And although fantastical, perhaps it’s closer to truth than the Disney version. In real life, much of love is unreturned. Real life and real love can be difficult, heartbreaking even. I am reminded of David Whyte’s description of heartbreak in his book Consolations,
Heartbreak is unpreventable; the natural outcome of caring for people and things over which we have no control…
Heartbreak begins the moment we are asked to let go but cannot, in other words, it colors and inhabits and magnifies each and every day; heartbreak is not a visitation, but a path that human beings follow through even the most average life. Heartbreak is an indication of our sincerity: in a love relationship, in a life’s work, in trying to learn a musical instrument, in the attempt to shape a better more generous self.
And so, instead of only celebrating the successful kind of love that ends in marriage, perhaps we should also honor the more difficult types of love too. Perhaps we should honor the nobleness, the purity of the unrequited love in each other.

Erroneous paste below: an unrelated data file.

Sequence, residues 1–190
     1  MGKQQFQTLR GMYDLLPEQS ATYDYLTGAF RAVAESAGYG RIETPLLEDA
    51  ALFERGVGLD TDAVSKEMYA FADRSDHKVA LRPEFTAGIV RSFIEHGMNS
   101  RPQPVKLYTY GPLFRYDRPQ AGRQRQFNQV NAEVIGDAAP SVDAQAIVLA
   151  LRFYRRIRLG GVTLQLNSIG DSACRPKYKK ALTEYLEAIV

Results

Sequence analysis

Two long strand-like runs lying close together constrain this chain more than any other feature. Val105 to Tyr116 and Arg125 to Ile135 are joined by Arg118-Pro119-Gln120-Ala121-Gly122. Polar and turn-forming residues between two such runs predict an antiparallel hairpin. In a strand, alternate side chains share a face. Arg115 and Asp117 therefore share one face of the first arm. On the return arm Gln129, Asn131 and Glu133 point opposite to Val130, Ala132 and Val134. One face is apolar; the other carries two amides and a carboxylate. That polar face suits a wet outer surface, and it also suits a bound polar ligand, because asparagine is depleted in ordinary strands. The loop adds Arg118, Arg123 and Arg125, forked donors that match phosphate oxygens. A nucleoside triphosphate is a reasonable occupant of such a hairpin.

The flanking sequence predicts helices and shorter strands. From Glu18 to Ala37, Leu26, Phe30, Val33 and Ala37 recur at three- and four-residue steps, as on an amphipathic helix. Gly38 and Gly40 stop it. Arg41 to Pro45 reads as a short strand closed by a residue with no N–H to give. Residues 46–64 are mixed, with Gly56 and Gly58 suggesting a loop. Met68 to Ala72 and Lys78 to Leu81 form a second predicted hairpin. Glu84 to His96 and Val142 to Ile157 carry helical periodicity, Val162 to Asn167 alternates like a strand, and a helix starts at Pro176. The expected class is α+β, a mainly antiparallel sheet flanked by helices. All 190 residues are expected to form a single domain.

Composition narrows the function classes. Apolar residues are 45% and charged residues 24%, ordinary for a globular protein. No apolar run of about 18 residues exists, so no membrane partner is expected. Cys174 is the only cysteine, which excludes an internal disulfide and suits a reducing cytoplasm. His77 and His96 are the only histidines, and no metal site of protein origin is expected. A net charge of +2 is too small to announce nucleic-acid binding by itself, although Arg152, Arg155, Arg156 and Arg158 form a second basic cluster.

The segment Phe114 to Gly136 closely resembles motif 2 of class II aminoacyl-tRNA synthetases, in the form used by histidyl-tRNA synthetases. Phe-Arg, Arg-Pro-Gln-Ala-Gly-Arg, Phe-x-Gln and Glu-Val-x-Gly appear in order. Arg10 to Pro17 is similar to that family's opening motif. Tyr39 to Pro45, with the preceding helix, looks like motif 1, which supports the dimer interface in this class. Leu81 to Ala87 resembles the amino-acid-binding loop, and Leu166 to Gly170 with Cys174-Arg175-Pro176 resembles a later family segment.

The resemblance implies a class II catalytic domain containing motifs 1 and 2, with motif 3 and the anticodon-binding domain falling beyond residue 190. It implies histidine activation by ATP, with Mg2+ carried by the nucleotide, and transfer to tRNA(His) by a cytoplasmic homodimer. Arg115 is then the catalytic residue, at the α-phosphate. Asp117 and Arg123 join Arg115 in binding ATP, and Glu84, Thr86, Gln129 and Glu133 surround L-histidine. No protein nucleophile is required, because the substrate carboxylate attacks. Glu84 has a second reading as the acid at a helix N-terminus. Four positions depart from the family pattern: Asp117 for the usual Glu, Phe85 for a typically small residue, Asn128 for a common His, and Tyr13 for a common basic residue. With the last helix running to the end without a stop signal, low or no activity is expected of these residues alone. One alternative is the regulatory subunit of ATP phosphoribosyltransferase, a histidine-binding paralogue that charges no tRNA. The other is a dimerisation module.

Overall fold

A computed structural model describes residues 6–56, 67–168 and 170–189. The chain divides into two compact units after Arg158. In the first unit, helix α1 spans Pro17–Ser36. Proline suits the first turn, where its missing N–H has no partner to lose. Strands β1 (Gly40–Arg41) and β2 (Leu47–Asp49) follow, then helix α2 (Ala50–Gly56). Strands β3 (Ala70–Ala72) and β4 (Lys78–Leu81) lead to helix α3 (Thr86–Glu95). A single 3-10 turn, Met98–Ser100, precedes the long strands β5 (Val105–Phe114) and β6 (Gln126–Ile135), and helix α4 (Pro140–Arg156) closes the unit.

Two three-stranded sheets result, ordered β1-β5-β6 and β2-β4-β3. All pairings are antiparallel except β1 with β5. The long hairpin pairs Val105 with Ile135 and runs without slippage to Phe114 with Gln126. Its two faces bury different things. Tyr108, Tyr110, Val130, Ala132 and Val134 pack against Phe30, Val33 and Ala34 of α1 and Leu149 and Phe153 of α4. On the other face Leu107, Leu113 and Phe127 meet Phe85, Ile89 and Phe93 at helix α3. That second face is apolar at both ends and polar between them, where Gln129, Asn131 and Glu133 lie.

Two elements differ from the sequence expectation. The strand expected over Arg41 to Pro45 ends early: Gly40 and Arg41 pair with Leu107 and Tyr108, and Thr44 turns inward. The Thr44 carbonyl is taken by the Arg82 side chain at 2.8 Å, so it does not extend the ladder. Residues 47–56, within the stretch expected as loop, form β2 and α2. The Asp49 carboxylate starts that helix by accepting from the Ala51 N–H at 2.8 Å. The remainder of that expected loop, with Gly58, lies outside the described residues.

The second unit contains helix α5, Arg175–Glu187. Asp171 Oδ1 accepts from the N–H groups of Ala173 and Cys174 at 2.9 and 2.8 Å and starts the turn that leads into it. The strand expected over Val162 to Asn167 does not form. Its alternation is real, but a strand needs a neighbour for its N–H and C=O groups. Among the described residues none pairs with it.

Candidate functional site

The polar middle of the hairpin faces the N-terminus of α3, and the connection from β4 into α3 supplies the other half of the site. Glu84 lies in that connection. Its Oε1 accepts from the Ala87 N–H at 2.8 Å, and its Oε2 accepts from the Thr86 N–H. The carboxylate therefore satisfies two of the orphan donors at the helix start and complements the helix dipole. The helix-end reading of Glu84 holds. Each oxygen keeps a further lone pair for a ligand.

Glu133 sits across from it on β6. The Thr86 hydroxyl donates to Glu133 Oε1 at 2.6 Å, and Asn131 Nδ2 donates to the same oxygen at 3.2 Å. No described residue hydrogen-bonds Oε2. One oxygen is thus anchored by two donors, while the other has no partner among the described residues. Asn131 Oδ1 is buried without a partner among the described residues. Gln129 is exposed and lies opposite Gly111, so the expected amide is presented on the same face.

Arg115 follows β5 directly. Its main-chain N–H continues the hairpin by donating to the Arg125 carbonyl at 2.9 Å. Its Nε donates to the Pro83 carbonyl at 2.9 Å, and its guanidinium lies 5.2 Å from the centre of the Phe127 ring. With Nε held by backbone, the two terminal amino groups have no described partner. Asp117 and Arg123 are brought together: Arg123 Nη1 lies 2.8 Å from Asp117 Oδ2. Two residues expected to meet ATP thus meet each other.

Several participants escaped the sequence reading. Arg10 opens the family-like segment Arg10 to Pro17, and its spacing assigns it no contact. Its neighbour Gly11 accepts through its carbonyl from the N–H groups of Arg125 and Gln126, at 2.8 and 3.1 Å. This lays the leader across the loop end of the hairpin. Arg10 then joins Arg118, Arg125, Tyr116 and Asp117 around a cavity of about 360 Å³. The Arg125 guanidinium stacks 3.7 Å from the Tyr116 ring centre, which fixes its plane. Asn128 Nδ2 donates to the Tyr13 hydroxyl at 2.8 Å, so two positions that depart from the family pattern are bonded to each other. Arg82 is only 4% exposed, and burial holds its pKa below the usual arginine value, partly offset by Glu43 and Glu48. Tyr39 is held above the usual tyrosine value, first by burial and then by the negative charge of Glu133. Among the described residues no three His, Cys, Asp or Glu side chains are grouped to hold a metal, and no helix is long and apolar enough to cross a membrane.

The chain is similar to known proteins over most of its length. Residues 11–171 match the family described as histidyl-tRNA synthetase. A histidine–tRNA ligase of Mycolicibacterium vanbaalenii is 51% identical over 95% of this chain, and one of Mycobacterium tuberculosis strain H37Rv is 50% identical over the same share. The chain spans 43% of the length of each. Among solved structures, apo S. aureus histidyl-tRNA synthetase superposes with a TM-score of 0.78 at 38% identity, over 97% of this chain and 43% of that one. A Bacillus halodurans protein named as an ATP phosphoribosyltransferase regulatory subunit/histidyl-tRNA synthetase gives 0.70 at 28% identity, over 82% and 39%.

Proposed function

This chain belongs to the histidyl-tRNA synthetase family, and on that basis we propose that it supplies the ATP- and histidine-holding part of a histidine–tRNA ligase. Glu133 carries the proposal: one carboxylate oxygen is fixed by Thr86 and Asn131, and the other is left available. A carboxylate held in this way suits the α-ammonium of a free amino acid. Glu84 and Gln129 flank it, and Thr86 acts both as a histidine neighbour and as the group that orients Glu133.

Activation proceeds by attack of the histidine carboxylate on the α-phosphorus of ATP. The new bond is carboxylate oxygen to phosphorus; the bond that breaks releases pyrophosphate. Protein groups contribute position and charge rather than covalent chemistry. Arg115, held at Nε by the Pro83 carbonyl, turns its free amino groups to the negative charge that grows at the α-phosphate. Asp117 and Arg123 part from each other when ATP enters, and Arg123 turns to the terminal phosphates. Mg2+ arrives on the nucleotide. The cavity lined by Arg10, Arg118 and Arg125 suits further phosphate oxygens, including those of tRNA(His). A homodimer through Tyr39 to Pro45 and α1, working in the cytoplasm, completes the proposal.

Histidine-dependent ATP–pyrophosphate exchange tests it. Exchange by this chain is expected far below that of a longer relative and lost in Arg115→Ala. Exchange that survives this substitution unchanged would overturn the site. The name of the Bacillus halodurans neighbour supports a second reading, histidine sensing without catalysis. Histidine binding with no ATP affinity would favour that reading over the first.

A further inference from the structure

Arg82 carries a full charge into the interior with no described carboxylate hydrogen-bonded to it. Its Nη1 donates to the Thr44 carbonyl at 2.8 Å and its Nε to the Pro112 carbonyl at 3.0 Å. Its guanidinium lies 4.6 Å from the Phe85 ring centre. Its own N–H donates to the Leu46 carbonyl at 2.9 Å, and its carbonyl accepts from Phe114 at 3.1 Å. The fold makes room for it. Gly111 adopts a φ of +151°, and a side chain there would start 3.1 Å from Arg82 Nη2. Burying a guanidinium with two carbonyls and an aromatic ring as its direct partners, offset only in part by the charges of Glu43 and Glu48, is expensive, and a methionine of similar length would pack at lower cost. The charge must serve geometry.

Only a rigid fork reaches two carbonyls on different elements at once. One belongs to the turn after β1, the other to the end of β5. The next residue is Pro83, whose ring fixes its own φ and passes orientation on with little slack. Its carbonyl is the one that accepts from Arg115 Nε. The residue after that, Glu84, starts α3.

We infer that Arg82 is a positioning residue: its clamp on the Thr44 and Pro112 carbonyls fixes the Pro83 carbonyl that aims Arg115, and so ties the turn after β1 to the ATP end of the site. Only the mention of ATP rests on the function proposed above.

Leonard Cohen once said, we usually don’t deserve the love we expect. And I would add, neither do we receive the type of love we deserve. Instead, we love others with the type of love we deserve, hoping for something in return.
For further reading (and viewing): Enjoy the full text of Hans Christian Andersen’s “The Little Mermaid”. For film adaptations more true to the original text, see if you can find copies of Rusalochka (Russian), Anderusen Dōwa Ningyo Hime (Japanese), and The Little Mermaid by The Reader’s Digest. More on David Whyte’s Consolations.